Ramsons, also known as Buckrams, Bear’s Garlic or more commonly known as Wild Garlic (Allium Ursinum) is a wild relative of the chive, and a favourite of the wild boar and brown bear. As foraging chefs we use large quantities at this time of year, often taking time out of a busy day to go out and collect as much as we can!
Here at Knockderry House we have a plentiful supply on the grounds as it likes to grow in a woodland environment among bluebells, and is identifiable by its garlic-like smell and long lush leaves, which are similar in appearance to those of Lily of the Valley. It grows from late winter and throughout Spring and towards the end of the season it bursts into bloom with white flowers. Our first sighting this year was early March which was a little later than previous years due to the harsh winter, so it was very exciting to see those little buds poking up through the soil.
Cooking with Wild Garlic
Wild garlic is used for its leaves rather than its bulb. You can eat the the bulbs, along with the flowers, but they are much smaller in quantity and have a much more delicate flavour. The flowers are edible and are extremely good in salads or as a garnish and fill the air with that delicious garlic-like scent. We use both flower and leaf in our kitchen. The leaf is very versatile as they can be used as a salad, dried for flavouring, used in soups or even in lieu of basil in pesto. The stems can be pickled or salted and eaten with cheese or put through a salad.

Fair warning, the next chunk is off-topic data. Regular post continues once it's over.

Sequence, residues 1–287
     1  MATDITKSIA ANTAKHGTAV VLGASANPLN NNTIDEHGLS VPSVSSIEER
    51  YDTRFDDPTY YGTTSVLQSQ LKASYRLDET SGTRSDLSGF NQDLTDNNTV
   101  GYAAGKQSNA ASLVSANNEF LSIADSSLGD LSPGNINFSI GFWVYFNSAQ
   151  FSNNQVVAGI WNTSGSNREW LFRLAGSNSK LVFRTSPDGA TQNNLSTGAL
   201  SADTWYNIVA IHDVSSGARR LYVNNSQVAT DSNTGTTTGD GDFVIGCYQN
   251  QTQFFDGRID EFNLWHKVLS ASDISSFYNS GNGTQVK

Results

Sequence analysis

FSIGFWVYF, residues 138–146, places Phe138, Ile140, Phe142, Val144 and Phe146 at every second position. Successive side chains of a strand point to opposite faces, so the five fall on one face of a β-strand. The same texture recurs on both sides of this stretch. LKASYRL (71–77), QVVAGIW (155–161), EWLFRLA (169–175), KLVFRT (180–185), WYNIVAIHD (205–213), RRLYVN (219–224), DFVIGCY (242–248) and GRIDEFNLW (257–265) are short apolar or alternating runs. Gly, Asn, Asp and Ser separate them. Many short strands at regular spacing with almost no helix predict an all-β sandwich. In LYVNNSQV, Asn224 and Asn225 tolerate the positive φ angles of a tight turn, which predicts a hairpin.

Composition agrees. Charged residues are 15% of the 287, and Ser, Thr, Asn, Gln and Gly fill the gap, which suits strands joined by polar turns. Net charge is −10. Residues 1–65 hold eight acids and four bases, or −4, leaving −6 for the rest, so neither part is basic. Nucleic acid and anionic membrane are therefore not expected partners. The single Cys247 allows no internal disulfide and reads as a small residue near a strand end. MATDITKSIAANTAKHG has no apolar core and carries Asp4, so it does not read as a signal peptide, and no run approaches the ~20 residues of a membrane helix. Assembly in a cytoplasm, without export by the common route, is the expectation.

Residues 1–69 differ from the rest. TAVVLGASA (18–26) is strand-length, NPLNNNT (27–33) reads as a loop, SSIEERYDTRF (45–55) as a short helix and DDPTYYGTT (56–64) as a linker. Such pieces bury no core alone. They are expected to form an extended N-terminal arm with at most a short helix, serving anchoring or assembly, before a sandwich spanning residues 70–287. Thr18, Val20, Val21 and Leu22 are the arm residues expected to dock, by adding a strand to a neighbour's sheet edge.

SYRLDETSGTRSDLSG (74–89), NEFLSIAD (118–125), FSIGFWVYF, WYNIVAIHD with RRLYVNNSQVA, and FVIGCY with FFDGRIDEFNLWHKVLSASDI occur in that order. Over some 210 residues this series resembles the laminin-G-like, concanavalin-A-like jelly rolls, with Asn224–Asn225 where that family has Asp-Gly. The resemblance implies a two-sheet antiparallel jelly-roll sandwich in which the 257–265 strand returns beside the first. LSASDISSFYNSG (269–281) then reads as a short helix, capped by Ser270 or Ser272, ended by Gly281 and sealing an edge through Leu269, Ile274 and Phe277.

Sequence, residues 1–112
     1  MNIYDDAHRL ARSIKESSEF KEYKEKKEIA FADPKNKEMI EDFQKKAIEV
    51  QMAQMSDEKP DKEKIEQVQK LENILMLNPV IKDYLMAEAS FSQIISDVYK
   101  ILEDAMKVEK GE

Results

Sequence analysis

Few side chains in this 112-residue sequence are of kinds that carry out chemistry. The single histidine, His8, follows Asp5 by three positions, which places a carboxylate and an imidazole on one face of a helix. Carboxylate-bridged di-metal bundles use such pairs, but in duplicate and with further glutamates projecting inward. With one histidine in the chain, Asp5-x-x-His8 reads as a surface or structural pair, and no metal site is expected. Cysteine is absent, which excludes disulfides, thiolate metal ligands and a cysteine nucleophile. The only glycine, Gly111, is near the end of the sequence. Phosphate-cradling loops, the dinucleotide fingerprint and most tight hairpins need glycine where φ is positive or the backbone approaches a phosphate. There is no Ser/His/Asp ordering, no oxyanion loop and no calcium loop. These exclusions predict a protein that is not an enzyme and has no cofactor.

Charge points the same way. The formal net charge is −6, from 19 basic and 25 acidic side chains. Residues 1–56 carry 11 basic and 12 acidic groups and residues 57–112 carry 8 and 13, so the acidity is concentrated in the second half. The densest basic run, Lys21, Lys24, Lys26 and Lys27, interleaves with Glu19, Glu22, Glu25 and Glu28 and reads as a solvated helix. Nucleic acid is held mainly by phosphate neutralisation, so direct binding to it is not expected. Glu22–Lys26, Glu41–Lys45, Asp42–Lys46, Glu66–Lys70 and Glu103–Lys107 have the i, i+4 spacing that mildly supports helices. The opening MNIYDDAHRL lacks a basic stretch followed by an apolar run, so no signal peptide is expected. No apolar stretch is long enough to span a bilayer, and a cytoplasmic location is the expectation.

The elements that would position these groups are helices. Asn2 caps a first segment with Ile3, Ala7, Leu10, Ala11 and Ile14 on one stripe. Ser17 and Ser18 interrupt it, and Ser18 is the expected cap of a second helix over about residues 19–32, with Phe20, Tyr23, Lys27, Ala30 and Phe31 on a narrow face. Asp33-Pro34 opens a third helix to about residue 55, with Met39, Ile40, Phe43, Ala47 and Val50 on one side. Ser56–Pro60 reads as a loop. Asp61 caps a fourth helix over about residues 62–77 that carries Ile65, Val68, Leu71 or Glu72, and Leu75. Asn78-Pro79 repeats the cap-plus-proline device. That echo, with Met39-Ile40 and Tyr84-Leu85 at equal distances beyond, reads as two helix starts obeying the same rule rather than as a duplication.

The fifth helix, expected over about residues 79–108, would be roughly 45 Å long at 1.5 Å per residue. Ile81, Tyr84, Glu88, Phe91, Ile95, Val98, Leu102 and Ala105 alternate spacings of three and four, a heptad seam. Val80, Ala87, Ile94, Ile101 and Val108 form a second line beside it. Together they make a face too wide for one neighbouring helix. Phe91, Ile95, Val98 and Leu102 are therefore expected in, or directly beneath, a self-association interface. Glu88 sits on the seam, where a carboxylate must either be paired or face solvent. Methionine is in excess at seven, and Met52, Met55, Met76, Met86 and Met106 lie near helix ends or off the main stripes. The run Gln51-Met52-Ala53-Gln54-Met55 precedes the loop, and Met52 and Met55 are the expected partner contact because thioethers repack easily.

Foraging for wild garlic in our surrounding woodland is fairly straight forward. It is found in semi-shaded, moist conditions and if you’re unsure about identifying it, the smell is the ultimate clarification as its odour is unmistakably garlic! Wild garlic is a fantastic and somewhat essential Spring ingredient of the Scottish chef’s larder, so get out there and get picking.
50g unsalted butter
100g white onions peeled and roughly chopped
200g floury potatoes peeled and roughly chopped
300 ml hot chicken or vegetable stock
1 bunch of fresh wild garlic
2 tbsp double cream
1. Over a medium heat melt butter in a heavy-bottomed saucepan.
2. Add the chopped onions and potatoes, and season with salt and pepper.
3. Sweat the onions until they are soft but not discoloured.
4. Add the stock to the potatoes and onions until a little at a time until it has all been taken up.
5. Bring the pan to a boil, reduce the heat and cook until the potatoes and onions are tender.
6. Stir in the wild garlic leaves and cook for 1 more minute. Add the double cream (or crème fraiche if you prefer) and stir.
7. Blend to a smooth consistency using a hand held blender or a food processor and season with salt and pepper to taste.
8. Serve the soup in bowls with croutons and a little parmesan cheese or make a pesto replacing the basil with wild garlic and drizzle over the top.